When Carvunis studied yeast ORFs for her PhD, she began to suspect that not all of these sections were lying dormant. In a study6 published in 2012, she looked at whether these ORFs were being transcribed into RNA and translated into proteins — and, just like genes, many of them were — although it was unclear whether the proteins were useful to the yeast, or whether they were translated at high enough levels to serve a function. “So what is a gene? I don’t know,” Carvunis says. What she thinks she has found, though, is “raw material — a reservoir — for evolution”.
I made a similar argument in a recent paper about cultural evolution where, for reasons I explain in the paper, I have adopted the term "coordinator" (as opposed to Dawkins' "meme") for the cultural analog of the gene:
What’s interesting, moreover, is the possibility that a feature that doesn’t have coordinator status at some time may acquire it at some later date. Thus, the tonal trajectory Gershwin used in “I Got Rhythm” didn’t acquire coordinator status immediately. The tune was written for a Broadway musical, Girl Crazy, which opened on 14 October 1930 and was sung by Ethel Merman. The orchestra was led by cornetist Red Nichols and included such eventual jazz luminaries as Benny Goodman, Glenn Miller, Jack Teagarden, Jimmy Dorsey, and Gene Krupa. A bit later in the year Nichols recorded the tune with his own band, the Five Pennies, and with Dick Robertson singing the vocal. It rose to fifth place in the charts. A Louis Armstrong version rose to 17 in 1932.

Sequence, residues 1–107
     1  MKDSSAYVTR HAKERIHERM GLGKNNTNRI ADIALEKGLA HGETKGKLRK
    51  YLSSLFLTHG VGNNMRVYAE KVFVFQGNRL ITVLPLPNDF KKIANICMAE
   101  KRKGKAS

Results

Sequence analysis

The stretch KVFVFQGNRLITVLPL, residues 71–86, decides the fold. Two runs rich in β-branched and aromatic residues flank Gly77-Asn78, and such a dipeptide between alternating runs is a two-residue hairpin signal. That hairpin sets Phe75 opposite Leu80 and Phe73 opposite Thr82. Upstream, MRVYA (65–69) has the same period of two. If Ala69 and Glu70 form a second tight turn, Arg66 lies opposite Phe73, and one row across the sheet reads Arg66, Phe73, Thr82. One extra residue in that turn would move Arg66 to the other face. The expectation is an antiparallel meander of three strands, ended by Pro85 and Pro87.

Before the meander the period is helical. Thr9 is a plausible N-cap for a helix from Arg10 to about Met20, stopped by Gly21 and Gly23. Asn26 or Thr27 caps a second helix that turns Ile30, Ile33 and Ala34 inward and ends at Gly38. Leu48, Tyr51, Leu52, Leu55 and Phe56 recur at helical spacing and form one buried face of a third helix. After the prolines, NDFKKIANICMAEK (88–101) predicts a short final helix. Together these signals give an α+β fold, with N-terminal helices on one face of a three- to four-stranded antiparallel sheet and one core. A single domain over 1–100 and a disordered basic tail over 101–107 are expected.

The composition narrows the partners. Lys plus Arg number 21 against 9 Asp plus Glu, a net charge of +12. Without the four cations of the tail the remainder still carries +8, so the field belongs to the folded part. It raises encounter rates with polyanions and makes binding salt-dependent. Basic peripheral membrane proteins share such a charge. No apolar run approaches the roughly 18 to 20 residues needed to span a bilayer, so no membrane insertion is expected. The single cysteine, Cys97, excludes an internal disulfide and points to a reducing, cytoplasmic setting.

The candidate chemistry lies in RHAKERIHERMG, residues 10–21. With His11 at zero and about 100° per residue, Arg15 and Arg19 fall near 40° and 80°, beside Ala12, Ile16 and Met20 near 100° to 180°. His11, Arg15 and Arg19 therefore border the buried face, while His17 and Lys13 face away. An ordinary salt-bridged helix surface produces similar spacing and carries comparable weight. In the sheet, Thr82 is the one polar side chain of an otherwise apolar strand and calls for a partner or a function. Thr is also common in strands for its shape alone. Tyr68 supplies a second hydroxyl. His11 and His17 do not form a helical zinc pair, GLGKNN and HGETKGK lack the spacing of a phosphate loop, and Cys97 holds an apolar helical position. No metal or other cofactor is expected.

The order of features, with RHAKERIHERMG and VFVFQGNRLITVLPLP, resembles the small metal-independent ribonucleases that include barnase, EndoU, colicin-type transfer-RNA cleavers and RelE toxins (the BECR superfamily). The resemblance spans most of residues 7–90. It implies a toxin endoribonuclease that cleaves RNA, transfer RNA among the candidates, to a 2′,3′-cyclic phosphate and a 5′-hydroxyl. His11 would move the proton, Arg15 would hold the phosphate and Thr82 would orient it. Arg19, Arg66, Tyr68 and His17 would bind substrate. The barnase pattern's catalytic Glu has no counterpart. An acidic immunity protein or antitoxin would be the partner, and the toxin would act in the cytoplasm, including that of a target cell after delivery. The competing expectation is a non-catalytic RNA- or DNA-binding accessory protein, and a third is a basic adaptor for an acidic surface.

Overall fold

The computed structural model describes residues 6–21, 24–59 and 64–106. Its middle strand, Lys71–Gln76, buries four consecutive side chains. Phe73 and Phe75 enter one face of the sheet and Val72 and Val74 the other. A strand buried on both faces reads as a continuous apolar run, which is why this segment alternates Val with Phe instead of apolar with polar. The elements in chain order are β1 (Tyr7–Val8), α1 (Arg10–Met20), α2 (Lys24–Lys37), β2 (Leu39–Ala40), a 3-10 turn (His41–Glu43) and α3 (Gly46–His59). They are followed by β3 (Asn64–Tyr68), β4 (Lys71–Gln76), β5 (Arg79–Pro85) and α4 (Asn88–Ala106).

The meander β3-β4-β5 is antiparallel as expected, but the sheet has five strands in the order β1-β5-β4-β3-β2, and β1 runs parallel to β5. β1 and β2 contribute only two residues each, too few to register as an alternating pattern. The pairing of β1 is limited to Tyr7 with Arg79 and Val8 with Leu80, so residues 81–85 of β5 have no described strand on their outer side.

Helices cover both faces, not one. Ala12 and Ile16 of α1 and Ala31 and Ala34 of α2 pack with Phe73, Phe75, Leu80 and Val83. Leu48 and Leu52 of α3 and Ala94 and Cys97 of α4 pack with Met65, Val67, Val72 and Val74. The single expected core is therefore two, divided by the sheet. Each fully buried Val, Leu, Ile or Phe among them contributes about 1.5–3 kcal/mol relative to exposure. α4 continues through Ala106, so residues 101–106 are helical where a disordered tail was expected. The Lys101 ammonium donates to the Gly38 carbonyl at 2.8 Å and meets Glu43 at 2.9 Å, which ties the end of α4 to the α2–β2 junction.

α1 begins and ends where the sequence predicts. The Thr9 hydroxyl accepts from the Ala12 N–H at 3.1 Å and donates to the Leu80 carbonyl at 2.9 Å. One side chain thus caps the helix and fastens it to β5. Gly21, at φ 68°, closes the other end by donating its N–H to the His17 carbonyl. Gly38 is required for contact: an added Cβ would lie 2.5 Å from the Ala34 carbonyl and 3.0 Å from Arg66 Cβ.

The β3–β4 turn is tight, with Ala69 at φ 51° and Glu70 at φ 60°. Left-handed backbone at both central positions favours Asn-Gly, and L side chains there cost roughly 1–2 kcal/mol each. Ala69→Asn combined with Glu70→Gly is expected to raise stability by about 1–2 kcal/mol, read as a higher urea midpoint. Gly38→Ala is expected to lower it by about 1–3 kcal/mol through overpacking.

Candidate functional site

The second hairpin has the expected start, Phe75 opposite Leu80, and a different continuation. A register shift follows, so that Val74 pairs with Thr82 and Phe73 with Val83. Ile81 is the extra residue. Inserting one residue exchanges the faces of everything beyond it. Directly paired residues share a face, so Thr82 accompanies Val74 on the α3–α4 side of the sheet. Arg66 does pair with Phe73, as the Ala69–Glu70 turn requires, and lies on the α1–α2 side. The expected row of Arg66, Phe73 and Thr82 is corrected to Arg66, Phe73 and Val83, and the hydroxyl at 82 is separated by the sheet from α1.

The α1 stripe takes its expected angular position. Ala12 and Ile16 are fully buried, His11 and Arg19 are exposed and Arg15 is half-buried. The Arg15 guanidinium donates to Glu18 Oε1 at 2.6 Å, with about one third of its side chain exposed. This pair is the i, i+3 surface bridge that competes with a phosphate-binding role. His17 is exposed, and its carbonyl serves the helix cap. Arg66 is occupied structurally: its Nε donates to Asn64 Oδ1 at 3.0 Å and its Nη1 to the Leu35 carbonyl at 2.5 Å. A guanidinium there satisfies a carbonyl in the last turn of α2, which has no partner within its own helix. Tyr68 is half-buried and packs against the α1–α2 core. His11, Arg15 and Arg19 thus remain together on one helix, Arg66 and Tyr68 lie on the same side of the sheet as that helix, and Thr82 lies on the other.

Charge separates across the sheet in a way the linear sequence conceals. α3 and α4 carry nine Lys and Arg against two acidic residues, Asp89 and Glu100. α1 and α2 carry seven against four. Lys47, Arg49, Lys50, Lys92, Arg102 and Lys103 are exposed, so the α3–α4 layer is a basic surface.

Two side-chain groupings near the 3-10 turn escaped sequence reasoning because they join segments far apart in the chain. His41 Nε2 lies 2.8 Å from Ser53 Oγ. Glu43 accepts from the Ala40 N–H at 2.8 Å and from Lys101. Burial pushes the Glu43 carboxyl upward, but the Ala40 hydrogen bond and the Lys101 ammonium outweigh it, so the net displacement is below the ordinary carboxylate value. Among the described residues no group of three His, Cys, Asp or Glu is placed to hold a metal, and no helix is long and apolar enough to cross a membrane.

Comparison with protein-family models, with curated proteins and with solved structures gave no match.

Had Rhythm Changes acquired coordinator status by that point? I don’t know the relevant musical history well enough to answer that question, though I suspect not. One thing we need to know is when derivative tunes began appearing. Lester Young recorded “Shoe Shine Boy” with Count Basie in 1936 and wrote his own “Lester Leaps In” in 1940, the same year Duke Ellington recorded “Cotton Tail.” These tunes are all based on Rhythm Changes. The existence of “Shoe Shine Boy” in the mid-30s is evidence that at least some musicians had abstracted the chord changes from the whole tune. Does that mean they’d attained coordinator status? I’d say that’s a matter of definition. Obviously more abstracting had been done by 1940. Did audiences routinely recognize the lineage of these derived tunes? I don’t know. Is the question relevant to the issue of coordinator status? Probably not, but I’ve not thought the matter through.

By the mid 1940s, however, enough beboppers had written their own tunes to Rhythm Changes, Charlie Parker in particular, that we can say Rhythm Changes had assumed coordinator status at least within the bebop style, if not within jazz or swing more generally.

This thumbnail analysis suggests that musical coordinators don’t have special formal features. You can’t identify something as a musical coordinator by hearing it. You can only identify it as a coordinator by considering the body of performances in which it functions. Rhythm Changes is the same entity in 1945 as it was in 1930; it has the same characteristics. But it plays a function in the musical world of 1945 that is different from the one it played in 1930. One might even think of this as an example of emergence involving a population of thousands of people interacting with one another through tens of thousands of performances. Some relatively few elements are selected from performances here and there and incorporated into other performances. Those are coordinators.[1]
I then go on to compare my concept of the cultural coordinator with the concept of a dene, a term Evelyn Fox Keller and David Harel coined for the much over-worked (& thus ambiguous) gene[2].


[1] William Benzon, “Rhythm Changes” – Notes on Some Genetic Elements in Musical Culture. Signata 6, Annales des Sémiotiques /Annals of Semiotics: Sémiotique de la musique / Music and Meaning. Per Aage Brandt and José Roberto do Carmo Jr., eds. Presses Universitaires Liège, 2015, pp. 271-285,

[2] E. Fox Keller and D. Harel, Beyond the Gene, PLoS ONE 2(11), 2007: e1231. doi:10.1371/journal.pone.0001231.